For me, a strange sensation of calm, of what is going to be, will be... Perhaps I am getting old, or just a little wiser, and know now that as much as I can want different things to happen, certain outcomes I want to come to be, there is also much beyond my control. So I am content to watch, and wait, and allow tomorrow to bring whatever it will bring.

Good luck and best wishes to all those who struggle with sleep tonight. May the quiet of knowing you've done all you can, drift over you and lead you to sleep.

The Vancouver Winter Olympics, 2010, begin in hours. Sleep safely, sleep well.

Cathy B

Thursday, February 11, 2010

WHO is going to light the Olympic Cauldron tomorrow?

Nope, we didn't get to find out who is going to light the Olympic Cauldron at the Opening Ceremonies dress rehearsal. We got to watch the live musical and dance entertainment, and the most awesomely beautiful techno-magic, but we didn't even get a whisper of an idea who will be lighting the flame. Who do you think it will be?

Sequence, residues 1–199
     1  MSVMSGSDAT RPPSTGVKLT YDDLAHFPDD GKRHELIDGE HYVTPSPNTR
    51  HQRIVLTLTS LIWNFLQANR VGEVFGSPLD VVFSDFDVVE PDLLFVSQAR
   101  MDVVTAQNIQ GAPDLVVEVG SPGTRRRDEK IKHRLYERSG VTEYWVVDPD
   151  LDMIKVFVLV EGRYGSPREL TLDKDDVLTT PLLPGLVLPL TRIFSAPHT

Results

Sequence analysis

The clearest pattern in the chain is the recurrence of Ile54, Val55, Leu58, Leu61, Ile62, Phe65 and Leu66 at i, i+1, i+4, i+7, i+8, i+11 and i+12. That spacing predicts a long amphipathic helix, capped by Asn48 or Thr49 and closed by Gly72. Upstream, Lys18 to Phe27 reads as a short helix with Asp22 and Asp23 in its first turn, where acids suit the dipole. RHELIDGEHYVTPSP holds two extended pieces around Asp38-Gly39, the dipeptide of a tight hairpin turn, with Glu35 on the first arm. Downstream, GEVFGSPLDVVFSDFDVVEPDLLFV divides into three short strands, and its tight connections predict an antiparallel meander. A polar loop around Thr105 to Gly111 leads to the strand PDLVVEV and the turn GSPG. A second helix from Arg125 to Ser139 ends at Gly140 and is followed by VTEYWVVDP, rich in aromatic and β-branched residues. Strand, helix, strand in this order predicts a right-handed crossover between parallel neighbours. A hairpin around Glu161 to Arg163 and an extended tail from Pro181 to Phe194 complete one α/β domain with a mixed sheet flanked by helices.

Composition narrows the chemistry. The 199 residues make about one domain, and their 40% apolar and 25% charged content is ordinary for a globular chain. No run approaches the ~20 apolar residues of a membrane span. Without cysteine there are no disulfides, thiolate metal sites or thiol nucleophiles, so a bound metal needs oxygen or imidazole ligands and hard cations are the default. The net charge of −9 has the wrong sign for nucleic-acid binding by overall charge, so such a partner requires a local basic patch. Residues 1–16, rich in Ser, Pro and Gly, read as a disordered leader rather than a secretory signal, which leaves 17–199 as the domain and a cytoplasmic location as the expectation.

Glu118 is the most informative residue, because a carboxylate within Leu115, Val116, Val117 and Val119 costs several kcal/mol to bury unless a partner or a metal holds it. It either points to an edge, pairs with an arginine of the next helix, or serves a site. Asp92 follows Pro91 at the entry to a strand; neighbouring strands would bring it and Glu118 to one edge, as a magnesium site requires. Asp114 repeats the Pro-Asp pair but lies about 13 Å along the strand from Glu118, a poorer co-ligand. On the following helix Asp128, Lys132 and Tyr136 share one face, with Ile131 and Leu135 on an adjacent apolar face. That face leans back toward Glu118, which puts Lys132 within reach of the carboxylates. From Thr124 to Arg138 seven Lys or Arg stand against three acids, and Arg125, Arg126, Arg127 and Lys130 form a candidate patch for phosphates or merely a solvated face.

My vote all along has been for a hologram of Terry Fox lighting it -- technology these days can do just about anything! And he represents everything a true Olympic Champion could ever be. It would be so fitting that he could finally finish the Olympic Torch Journey, and light the final flame for these home-town Winter Olympics.

But last night I changed my mind...

I was picturing what Wayne Gretsky would be thinking as Terry Fox lit the flame in virtual reality. Yes, the gentleman that he is, Wayne would "get" it, and appreciate the all the wonderful intention and meaning behind it.